5 August 2018 | ΑΠΕ-ΜΠΕ | Interview with Alan Svoboda, Executive Director of Seven Energy
1. You are interested in investing in Greece as the third adjustment program of the economy is about to end. What are your estimates for the future of the Greek economy?
We are aware of the challenges Greece faced over the past few years. However, according to European and Greek officials, as well as the top international credit rating agencies, the economy is well on a path of recovery and growth.
What is of particular interest to Seven Energy is the profound transformation the Greek energy market is undergoing at the moment. It is a process we are well aware of, as we have been through the same process in the Czech Republic. We believe that Seven Energy, with its expertise, can assist Greece along this transition towards to new target model.
Also, we’re aware of the profound transformation of the Greek generation mix. Seven Energy’s mission is to facilitate this process by providing a perspective to conventional power plants, as long as they are needed to ensure the stability of the system or as a backup source. This way we offer a robust basis for a swift transition of the energy sector towards a fully sustainable future.
2. Lignite power generation is greatly impacted by the cost of purchasing CO2 allowances. Some believe that if the forecasts for a further increase in the price of CO2 allowances are confirmed, lignite units will not be sustainable. How do you comment on this?
Indeed, CO2 emission allowances are a significant cost factor that I am sure all contenders will carefully take into consideration. Their prices have risen significantly over the past year.
As mentioned above, Seven Energy believes that there is still a need for conventional power plants in the generation mix in the foreseeable future. In Greece, particularly, we see lignite-fired power plants playing a crucial role as a base load provider and backup operator. We are open to a dialogue with the local authorities how to best secure the long-term future of these assets, for example through the Power Adequacy Mechanism or other potentially supporting schemes for lignite power plants.
3. Will you proceed with investments to modernize the units if you win the contest? Have you decided to proceed with the construction of the second power plant in Meliti, Florina?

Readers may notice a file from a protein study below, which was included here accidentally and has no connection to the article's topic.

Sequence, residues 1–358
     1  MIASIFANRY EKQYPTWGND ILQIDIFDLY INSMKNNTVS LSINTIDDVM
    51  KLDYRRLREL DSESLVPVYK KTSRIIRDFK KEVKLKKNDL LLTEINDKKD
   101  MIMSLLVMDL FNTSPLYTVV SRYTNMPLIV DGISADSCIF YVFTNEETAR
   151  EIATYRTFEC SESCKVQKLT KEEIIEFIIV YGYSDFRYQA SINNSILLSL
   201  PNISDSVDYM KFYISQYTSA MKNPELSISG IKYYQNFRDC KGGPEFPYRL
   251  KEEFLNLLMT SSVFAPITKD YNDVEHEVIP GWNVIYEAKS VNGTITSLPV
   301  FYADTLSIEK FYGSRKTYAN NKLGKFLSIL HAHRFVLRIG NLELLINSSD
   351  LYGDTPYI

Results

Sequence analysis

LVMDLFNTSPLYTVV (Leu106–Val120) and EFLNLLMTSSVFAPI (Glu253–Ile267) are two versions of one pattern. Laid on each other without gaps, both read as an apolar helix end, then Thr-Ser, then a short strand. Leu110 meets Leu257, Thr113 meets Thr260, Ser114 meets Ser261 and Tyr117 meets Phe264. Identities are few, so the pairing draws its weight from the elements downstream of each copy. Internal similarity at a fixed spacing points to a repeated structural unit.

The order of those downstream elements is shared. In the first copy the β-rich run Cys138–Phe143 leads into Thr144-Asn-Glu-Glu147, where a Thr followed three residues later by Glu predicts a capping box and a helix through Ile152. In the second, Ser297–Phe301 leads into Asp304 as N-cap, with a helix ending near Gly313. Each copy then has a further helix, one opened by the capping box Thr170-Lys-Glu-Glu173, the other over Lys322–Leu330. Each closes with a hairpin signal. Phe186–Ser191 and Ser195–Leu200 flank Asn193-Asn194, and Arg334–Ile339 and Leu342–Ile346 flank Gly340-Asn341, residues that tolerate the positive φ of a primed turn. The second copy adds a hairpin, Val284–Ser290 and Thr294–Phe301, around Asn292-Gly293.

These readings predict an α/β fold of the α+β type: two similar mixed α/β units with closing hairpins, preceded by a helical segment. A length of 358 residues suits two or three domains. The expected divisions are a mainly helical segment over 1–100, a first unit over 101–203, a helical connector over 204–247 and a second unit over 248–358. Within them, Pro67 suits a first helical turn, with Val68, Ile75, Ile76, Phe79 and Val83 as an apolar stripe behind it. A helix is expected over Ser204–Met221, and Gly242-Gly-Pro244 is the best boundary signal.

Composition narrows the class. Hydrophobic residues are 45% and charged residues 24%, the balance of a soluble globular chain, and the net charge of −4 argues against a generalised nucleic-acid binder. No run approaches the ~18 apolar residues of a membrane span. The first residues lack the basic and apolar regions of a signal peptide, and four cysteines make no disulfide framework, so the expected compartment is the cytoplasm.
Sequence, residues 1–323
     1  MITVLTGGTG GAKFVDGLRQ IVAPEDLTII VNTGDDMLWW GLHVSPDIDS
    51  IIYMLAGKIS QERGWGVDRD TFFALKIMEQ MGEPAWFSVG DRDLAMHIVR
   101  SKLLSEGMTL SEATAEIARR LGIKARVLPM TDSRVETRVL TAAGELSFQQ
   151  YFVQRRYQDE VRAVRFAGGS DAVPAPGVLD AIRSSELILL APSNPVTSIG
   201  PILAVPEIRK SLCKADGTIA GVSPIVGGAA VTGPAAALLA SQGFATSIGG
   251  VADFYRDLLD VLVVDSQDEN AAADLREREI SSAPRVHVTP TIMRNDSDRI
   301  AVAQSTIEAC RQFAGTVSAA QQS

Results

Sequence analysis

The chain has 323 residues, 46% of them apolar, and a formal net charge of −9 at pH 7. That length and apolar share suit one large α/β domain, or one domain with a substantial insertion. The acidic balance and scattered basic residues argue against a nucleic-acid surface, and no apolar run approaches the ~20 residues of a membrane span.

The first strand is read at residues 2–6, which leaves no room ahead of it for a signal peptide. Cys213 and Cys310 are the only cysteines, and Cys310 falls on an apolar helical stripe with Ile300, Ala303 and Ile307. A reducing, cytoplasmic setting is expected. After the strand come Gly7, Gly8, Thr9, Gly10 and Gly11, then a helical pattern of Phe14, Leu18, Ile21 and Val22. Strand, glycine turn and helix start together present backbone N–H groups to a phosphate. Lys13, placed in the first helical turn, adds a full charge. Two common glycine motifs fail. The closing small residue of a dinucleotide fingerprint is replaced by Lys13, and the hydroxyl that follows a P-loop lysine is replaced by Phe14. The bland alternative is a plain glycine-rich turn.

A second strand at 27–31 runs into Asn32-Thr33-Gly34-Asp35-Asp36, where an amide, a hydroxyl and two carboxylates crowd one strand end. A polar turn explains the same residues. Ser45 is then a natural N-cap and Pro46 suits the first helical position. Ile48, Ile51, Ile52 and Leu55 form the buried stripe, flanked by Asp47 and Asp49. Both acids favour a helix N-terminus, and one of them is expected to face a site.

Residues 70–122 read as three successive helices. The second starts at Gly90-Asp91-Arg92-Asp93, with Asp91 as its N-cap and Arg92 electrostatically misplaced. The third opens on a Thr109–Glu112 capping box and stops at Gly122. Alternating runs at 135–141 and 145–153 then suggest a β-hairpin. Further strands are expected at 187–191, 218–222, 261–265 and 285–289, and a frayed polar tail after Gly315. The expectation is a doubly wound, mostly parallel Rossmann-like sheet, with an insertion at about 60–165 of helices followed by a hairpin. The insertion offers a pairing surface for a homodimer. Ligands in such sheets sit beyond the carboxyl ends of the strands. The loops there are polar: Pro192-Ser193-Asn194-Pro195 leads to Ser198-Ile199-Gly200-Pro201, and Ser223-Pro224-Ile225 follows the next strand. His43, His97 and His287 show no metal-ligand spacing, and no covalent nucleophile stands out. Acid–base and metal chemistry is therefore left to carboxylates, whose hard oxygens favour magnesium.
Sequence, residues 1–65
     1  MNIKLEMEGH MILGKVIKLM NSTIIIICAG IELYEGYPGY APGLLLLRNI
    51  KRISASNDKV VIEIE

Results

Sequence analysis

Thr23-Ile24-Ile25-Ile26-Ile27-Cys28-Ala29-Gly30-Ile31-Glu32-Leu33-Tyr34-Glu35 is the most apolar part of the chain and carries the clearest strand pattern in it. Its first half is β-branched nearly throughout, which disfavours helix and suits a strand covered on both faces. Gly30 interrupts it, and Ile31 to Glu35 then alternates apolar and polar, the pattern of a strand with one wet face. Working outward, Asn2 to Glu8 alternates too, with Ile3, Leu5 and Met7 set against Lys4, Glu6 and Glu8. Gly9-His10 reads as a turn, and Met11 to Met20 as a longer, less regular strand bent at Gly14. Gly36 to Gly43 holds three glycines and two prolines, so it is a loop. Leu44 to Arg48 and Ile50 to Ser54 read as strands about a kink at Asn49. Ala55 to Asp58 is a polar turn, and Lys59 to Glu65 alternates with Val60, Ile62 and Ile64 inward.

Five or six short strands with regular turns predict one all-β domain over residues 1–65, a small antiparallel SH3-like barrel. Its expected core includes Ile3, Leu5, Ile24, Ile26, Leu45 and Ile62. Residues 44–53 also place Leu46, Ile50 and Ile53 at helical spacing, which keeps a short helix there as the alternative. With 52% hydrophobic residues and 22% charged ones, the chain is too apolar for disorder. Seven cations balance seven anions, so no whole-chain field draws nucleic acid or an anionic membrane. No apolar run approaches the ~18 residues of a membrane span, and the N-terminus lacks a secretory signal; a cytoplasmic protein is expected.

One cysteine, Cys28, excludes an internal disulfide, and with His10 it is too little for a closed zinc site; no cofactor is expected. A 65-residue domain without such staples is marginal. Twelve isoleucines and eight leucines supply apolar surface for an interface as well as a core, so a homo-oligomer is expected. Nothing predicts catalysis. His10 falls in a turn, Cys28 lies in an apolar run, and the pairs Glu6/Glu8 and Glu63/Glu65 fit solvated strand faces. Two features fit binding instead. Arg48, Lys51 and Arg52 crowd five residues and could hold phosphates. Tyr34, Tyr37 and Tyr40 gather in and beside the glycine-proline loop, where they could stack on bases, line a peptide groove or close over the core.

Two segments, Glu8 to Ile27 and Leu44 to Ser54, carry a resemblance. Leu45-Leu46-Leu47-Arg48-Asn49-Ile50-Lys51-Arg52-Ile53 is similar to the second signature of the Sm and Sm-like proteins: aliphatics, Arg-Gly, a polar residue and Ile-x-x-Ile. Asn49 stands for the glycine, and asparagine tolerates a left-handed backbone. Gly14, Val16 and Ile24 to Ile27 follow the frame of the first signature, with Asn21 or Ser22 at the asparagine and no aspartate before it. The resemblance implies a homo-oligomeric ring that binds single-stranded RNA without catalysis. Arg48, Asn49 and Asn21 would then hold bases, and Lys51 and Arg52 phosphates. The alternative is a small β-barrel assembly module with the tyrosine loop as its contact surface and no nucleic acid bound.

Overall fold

The question is probably a bit premature at this point. Seven Energy has just been granted access to the data room and we’re reviewing different options. We will assess the technical state of the power plants and based on this discussion, with relevant parties make any necessary investments.
With regards to the Meliti II project, we are open to any profitable options. However, given current prices of CO2 emission allowances, the likelihood of this investment is currently lower than it might have been a year ago.
4. Will you bid regardless of whether the lignite units are included in the Power Capacity Adequacy Mechanism being developed?
We are aware of the government’s efforts to negotiate the inclusion of lignite units in the new, permanent power-efficiency mechanism. We also appreciate that the European Commission has recognized the importance of lignite production for power supply security in Greece.
Seven Energy, as other participants are, is closely monitoring these developments as they have a direct impact on the long-term viability of the assets that are going to be sold.
We strongly believe that energy systems operating with growing shares of volatile renewable electricity generation require reliable assets to, first, provide a robust and currently indispensable complement to those renewable assets in the overall energy mix and, second, to support the curbing of electricity prices for industrial and household consumers.
5. You have signed an agreement with the GEK TERNA group to jointly submit a binding offer. What is the purpose/aim of this cooperation?
Our interest in the two units is serious and we want to turn this into a successful venture. Our strategic partnership with the GEK TERNA Group combines Seven Energy’s unique operational and technical experience in the lignite mining and generation, with GEK TERNA’s leading position and deep knowledge of the Greek energy production and supply sector. This is a partnership with a long-term perspective, starting with the submission of our joint bid for the Megalopolis and Meliti units. We believe that, together, we can offer a robust basis for the future of lignite power generation sources in Greece.
6. PPC has decided to transfer to the new scheme, where all employees currently working in the units to be sold. What are your plans for the staff? Will you maintain their jobs beyond the statutory six-year mandatory period? Also, how do you comment on the reactions of the PPC workers union (GENOP)?
People are the most important part of Seven Energy Group and we would expect to treat those in Meliti and Megalopolis in exactly the same way: we believe a culture of excellence requires highly talented employees and we will commit to delivering market-leading training and achievable and clear paths for performance-based career progression. As our track record shows, we have always tried to prolong the lifetime of the power plants where economically possible. This way, we safeguard employees’ positions for a longer period of time.
7. Are you considering engaging in other market segments (e.g. supply, RES, natural gas, etc.) or will you limit yourself solely to lignite power production?
Right now, we fully focus on the current tender concerning the acquisition of the lignite units in Megalopolis and Meliti. We expect nevertheless that our partnership with GEK TERNA will go beyond the current privatization.
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